tmc 2018 TMC/FedEx

Top techs credit ongoing training with success, share study tips

More than 100 technicians came together to compete during the Technology & Maintenance Council’s 2018 National Technician Skills Competition, SuperTech, that tests the knowledge and capabilities of truck service and repair technicians from across the country. Winning techs said ongoing education from their employers and equipment and component manufacturers contributed to their success.

More than 100 technicians came together to compete during the Technology & Maintenance Council’s 2018 National Technician Skills Competition, SuperTech, that tests the knowledge and capabilities of truck service and repair technicians from across the country. Winning techs said ongoing education from their employers and equipment and component manufacturers contributed to their success.

Kyle Ballard, a technician for Clarke Power Services and a top-ten finisher at SuperTech, said he gets most of his training on the job.

Clarke Power Services has three full-time training centers and averages a minimum of 120 instructor-led classes a year, explained Mike Dowling, director of training for the company. Training covers everything from engines and transmissions to specific elements, such as electrical diagnostics, wheel ends and brakes.

“We’re fortunate here that we have a corporate leadership that really values the training our techs receive,” Dowling said, adding that Clark Power Services offers an in-house program for technicians to prepare for ASE master certification.

Michael Kerfoot, a technician for TravelCenters of America and first-place winner in the competition's trailer track, said the truck stop chain provides training as well as an in-house tech competition that helps employees improve their skills. “Other than that, it is a lot of reading and studying to prepare on changes coming up,” Kerfoot said.

The Technology & Maintenance Council provides members with its recommended practices, and Kerfoot said following procedures could enable any tech to find the problem. “If you have a documented procedure that walks you through step by step, you’re going to find the problem 95% of the time,” he said.

Mark McLean, a technician for FedEx and the 2017 SuperTech Grand Champion, said that he has seen the TMC manual increase in size drastically since 2011. “Not only have the tests gotten harder, but they’ve opened up the competition to more areas of the vehicle,” he said. “It is not easy. The people who write the test bring their A-game.”

Simply taking part in the competition is a good learning experience, McLean said. "You get exposed to the testing, and you can see where your weaknesses are and go back and improve. Getting the education from the stations, meeting the vendors and learning where to find information is what has made me a better technician,” he said.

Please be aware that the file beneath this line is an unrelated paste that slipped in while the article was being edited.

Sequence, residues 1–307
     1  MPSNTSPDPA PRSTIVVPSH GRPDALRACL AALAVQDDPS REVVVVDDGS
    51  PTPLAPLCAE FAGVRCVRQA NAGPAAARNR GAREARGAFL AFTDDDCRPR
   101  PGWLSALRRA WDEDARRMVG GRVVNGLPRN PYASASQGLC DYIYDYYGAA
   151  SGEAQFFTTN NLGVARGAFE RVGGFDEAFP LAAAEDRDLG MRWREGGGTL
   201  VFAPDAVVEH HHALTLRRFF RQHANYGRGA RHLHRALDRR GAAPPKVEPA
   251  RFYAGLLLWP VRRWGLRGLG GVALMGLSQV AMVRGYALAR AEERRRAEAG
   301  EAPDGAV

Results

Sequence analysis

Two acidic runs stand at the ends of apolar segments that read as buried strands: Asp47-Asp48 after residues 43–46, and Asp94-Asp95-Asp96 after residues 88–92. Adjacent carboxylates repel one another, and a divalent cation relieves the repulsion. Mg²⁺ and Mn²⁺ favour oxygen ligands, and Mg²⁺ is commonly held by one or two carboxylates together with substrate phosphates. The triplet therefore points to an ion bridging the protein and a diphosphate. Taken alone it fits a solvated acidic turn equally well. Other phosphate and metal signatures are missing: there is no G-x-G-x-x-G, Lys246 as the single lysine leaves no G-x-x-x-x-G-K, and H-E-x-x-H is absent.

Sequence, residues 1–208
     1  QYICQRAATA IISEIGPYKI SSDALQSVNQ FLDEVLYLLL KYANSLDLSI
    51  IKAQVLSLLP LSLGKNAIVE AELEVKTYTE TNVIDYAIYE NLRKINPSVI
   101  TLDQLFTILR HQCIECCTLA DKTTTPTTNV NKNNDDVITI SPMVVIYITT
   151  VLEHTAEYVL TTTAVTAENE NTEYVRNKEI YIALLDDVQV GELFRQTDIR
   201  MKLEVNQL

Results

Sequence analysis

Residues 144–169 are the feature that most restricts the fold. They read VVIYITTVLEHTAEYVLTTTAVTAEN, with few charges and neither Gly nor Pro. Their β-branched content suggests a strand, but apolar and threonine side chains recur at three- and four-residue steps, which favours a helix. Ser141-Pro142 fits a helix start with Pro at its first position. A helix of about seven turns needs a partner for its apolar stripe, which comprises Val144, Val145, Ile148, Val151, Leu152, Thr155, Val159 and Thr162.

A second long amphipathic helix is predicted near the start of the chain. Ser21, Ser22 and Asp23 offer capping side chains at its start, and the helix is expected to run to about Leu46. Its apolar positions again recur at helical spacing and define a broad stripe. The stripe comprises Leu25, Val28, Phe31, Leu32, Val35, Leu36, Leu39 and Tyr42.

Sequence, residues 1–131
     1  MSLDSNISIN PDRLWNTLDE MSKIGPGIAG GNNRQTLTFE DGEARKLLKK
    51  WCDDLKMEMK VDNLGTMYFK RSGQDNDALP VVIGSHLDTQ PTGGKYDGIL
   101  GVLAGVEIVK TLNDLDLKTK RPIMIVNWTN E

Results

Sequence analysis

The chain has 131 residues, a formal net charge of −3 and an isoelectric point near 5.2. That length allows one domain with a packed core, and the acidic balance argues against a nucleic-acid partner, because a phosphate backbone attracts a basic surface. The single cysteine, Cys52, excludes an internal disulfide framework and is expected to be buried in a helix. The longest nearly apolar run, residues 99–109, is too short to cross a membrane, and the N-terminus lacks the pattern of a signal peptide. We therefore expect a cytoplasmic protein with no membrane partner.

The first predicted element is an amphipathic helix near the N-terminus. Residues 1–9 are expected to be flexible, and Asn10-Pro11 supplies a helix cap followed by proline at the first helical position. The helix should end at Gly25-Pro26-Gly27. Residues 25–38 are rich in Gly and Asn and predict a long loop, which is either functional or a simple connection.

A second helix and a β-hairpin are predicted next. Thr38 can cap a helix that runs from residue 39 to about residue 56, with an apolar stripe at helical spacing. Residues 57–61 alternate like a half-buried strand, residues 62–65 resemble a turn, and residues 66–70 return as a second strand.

Phillip Pinter, a tech for FedEx and the 2018 SuperTech Grand Champion, said he spent a lot of time studying and gained experience at last year’s SuperTech competition. “When you’re done, they give you your scores. I went over that, and I tried to take the weaknesses I had last year and turn them into my strengths,” he said.

Once Pinter knew what he needed to study, he found textbooks and manufacturer information to help him prepare. “The fact that I can challenge myself with a competition to go through and find my weaker areas gives me a direction for studying so I can better myself and become a better technician,” he said.

Pinter said both Meritor and Bendix provide valuable training through their online training schools. “They’re competitors, but they both have a good broad education you can take on their websites,” he said, adding that most manufacturers have online training or reference materials techs can use to get additional information.

FedEx also provides ongoing training to techs, and McLean teaches an electrical class for the fleet. However, he said he realizes not all techs have that type of training available. “There is always a joke about being YouTube certified, but there really is a wealth of information on YouTube,” he said, adding that manufacturers, such as Purkeys, offer videos and webinars online. “Utilizing the resources that are out there would be the fastest way to get your feet wet.”

McLean started as a technician in 2007 with FedEx while still in school. “School taught me the basics, but it didn’t fully prepare me for what is in the real world,” he said, adding that he found a more experienced technician to mentor him. “To have a mentor to guide you, teach you the right ways to do things and help you when you get stuck is big for someone new in the industry.”

Pinter, who has been with FedEx for three years after switching over from the automotive side, said he values the latitude the company gives him as he works to repair a truck. “For the most part, I can go through and take my time, educating myself as necessary and getting the information required to make an accurate diagnosis,” he said.

This year's competitors, as well as their employers, said they encourage all techs to compete. “You may not do really well your first year, but it is definitely an experience,” Kerfoot said.

Clarke Power Services’ Dowling said it is nice to see the company’s employees want to be the best among the best. “There is no better platform than these competitions to expose technicians to the latest technology and equipment,” he said.   

 

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